Who can keep track? Infrastructure here, more small business lending there. Is Congress expanding broadband access, funding child care for essential workers, supporting domestic violence survivors, providing cash assistance to our farmworkers, or expanding access to voting? It’s harder and harder to say what will ultimately emerge as lawmakers roll out their supplemental proposals (see our side-by-side comparison of the most recent set here), but that can’t stop those of us who care about these priorities from fighting.
What we learn in crisis is that “never” becomes “now”. What was impossible yesterday is now on the legislative agenda, and those of us who toil hard for the hard or even impossible have to be ready to move.
And we are.
The COVID-19 pandemic has now claimed more than 17,000 lives in the United States, but we are only beginning to understand the breadth of COVID-19’s destructive march. Federal, state, and local agencies are in the midst of implementing the most expensive rescue package ever approved by Congress, as small businesses, hospitals, and millions newly unemployed anxiously await a lifeline.
But even in these uncertain times, some unknowns we don’t need to accept. We know we have too many confirmed cases, too many undiagnosed, and too many lives lost to this virus. We don’t know nearly enough about those suffering and dying from this virus. We don’t know whether systemic barriers to health care, housing, clean air, and a living wage stacked the odds against them. We don’t know their age, gender, race, or immigration status — because the government won’t say.
We’ve formed a coalition, led by Raben clients PolicyLink, NAACP, UnidosUS, and the African American Mayors Association, to join members of Congress and demand data disaggregation to track the race, ethnicity, primary language, genders, disability status, and socioeconomic status of those impacted by COVID-19. Join the coalition at www.wemustcount.org. The federal government must follow the lead of state and local governments, like Illinois, New York City, Milwaukee County, and Louisiana, in collecting and reporting demographic data of COVID-19 cases and outcomes.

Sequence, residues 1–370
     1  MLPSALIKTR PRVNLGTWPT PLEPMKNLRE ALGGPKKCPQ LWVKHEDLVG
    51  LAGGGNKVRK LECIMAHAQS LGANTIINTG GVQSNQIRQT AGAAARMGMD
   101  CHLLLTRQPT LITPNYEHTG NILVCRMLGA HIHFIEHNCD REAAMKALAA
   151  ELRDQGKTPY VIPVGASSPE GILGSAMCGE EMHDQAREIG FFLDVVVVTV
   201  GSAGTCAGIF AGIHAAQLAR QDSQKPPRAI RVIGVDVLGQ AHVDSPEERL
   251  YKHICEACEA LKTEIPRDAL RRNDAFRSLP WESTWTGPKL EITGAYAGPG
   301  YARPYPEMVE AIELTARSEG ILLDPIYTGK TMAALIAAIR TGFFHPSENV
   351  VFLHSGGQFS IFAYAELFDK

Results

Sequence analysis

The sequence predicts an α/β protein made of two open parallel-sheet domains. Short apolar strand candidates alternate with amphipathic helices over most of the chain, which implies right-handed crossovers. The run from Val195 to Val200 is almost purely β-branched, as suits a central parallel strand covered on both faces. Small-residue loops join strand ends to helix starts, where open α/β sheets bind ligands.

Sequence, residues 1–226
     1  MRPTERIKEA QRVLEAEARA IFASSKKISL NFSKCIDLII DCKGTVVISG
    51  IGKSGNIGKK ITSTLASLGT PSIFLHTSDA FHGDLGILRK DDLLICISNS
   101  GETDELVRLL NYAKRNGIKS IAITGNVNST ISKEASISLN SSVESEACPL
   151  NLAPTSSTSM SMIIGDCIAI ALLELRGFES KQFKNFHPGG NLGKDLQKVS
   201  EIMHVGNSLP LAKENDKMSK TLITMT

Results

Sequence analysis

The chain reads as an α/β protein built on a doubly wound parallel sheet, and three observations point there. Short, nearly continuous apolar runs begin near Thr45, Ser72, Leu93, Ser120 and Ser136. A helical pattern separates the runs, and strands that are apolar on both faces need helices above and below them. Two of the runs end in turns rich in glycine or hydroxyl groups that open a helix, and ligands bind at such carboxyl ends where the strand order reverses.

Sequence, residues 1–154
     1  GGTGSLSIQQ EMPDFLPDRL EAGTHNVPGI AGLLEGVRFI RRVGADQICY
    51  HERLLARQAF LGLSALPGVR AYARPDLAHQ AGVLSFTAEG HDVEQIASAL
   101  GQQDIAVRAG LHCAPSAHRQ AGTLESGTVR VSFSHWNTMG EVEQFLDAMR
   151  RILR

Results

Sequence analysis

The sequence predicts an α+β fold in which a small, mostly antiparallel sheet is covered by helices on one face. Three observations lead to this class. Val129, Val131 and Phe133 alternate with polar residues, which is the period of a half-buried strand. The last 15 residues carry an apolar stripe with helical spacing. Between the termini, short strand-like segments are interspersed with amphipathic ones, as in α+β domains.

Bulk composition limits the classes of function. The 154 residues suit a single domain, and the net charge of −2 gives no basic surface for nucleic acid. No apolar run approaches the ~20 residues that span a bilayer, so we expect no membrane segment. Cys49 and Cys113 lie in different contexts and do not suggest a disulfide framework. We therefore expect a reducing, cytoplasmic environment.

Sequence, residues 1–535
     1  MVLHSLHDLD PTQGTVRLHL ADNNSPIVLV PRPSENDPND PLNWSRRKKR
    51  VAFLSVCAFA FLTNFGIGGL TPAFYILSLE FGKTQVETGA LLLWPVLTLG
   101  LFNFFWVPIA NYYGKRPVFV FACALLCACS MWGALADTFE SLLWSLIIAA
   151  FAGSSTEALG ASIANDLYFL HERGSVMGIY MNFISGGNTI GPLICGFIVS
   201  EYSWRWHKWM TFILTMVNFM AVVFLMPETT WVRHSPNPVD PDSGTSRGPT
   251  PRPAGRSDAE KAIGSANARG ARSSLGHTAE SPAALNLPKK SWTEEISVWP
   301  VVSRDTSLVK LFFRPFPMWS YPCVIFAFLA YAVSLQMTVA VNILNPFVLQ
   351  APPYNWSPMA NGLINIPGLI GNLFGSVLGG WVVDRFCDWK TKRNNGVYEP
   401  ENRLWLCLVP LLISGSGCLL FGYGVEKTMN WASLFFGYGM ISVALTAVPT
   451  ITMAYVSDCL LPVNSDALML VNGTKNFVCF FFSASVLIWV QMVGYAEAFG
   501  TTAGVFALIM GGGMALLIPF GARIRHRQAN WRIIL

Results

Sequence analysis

As veterans in policymaking at all levels of government, we are endeavoring to answer many of the questions recently on the minds of philanthropic and corporate leaders from organizations big and small. Members are home with their constituents and may not return on schedule. Committees are foregoing the political theater that’s become par for the course in committee hearings, instead providing questions in advance and posting witness testimony online. Senate Commerce led the way with a paper hearing this week examining the effects of government and private sector surveillance in response to the pandemic.
Who is served and who is left behind when Congress adopts such an impersonal approach? Is access to lawmakers more commoditized today, out of reach for the same communities excluded from relief in recent rescue packages? As lawmakers roll out their next set of proposals, how confident are we that they can account for the struggles of Black businesses on the wrong side of the wealth gap, while on an extended recess and without traditional fact-finding? Or that they will address the risks taken every day by workers excluded from relief because of their immigration status or other arbitrary criteria? We are committed to creating virtual spaces for these conversations, and we’re hard at work planning discussions with lawmakers and stakeholders to center these stories in the ongoing federal response planning.
Much more is needed to address even the immediate impact of this virus. State and local treasuries are depleted, hindering their ability to continue to protect the communities they serve. Many local leaders, as Clare Bresnahan English of the New Leaders Council reminds us, are millennials who will emerge sharper and wiser from these crises. We should support them in these times, as they are best equipped to understand the needs of their communities and the challenges posed by, for example, the surveillance and tracking of their constituents’ movements.
Even organizations eligible for relief are struggling to access benefits. We are assisting organizations across the country as they navigate the application process for nonprofit loans through the Small Business Administration and other programs. And as workers everywhere face layoffs, furloughs, and reduced hours, we are working with companies like Charter Communications as it raises the minimum wage to $20 for its frontline workers and invests in its workforce when they need it the most.
We will continue to center equity in everything we do — from the COVID-19 federal response to the actual implementation by federal, state, and local agencies — and to provide a platform for those deemed undeserving of assistance in a time of crisis. We hope to hear from you, respond to your questions, and champion your causes as we train our focus on the unfinished business of the federal response.